The ACLU’s lawsuit alleges the language of the sanctuary city ordinances, modeled after the first one passed in Waskom, Texas, is unconstitutionally vague, prohibits the abortion-funding organizations from “exercising their freedoms of speech and assembly” and “levies punishment on plaintiffs without trial.” The ACLU’s punishment claim is based on the section of the ordinances that specifically names several abortion advocacy organizations, including the two funders, and declares them to be “criminal organizations.”
So what do the Texas ordinances actually do, and will they be effective in protecting pre-born children at the local level?
The ordinances in Texas:
Require Roe to be overturned first before enforcement can occur
Allow relatives of an aborted child to sue for damages, with an exemption for the mother
Carve out exceptions for rape and incest and “life of the mother”
The Personhood Alliance believes this strategy presents a risk to the pro-life sanctuary movement and offers an alternative approach for leaders and activists to consider.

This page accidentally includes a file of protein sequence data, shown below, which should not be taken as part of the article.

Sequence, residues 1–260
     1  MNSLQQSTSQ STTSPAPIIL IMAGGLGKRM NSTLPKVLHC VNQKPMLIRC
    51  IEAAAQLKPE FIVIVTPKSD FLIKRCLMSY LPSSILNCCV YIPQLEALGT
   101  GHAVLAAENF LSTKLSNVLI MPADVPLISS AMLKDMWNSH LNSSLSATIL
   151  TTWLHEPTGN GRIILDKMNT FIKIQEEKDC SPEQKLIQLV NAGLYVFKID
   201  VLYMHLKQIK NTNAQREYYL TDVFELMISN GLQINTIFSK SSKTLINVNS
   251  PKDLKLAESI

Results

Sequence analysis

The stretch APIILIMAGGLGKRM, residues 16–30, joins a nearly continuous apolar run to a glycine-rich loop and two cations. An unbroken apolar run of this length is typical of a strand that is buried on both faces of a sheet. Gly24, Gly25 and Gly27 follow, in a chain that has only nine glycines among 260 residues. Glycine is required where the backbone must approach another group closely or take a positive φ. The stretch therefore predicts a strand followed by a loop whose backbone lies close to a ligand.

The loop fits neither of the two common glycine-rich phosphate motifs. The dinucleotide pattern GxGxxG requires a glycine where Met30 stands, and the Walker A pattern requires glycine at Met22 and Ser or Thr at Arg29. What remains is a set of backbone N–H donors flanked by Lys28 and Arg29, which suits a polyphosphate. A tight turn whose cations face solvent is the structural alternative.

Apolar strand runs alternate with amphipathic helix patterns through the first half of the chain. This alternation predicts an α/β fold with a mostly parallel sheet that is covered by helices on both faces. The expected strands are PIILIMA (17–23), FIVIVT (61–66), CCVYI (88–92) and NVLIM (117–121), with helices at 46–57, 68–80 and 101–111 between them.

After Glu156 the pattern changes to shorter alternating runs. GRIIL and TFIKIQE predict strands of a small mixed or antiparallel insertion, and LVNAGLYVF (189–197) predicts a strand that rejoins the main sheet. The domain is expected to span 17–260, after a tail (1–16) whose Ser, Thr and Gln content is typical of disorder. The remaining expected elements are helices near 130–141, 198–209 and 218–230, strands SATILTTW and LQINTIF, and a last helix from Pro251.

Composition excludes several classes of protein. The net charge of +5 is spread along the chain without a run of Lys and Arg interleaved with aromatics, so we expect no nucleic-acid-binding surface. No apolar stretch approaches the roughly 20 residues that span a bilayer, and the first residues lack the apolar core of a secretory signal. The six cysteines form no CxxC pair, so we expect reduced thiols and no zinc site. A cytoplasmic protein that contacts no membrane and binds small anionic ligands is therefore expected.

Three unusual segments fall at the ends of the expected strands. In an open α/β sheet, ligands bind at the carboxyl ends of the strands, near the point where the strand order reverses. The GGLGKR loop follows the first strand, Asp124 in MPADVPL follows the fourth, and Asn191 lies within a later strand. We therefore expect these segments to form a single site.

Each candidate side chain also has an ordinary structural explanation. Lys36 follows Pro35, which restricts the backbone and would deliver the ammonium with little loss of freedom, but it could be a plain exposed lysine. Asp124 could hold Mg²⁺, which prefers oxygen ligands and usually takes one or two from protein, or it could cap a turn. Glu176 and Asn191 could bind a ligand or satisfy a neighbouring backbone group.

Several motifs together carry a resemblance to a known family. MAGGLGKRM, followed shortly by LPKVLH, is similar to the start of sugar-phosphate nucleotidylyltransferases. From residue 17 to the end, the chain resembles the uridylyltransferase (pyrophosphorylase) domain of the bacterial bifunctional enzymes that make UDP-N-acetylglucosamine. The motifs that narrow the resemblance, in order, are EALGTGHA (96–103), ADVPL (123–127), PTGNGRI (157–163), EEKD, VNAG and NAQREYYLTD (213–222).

Sanctuaries must not wait for Roe
Even though Waskom’s model ordinance declares:
“The Supreme Court erred in Roe v. Wade when it said that pregnant women have a constitutional right to abort their pre-born children…Roe is a lawless and illegitimate act of judicial usurpation, which violates the Tenth Amendment by trampling the reserved powers of the States, and denies the people of each State a Republican Form of Government by imposing abortion policy through judicial decree.”
The ordinance also clearly states:
“Neither the City of Waskom, nor any of its officers or employees, nor any district or county attorney, nor any executive or administrative officer or employee of any state or local governmental entity, shall take any steps to enforce this ordinance against a person or entity that commits an unlawful act unless and until the Supreme Court overrules Roe v. Wade, 410 U.S. 113 (1973), and Planned Parenthood v. Casey, 505 U.S. 833 (1992), and permits states and municipalities to once again enforce abortion prohibitions.”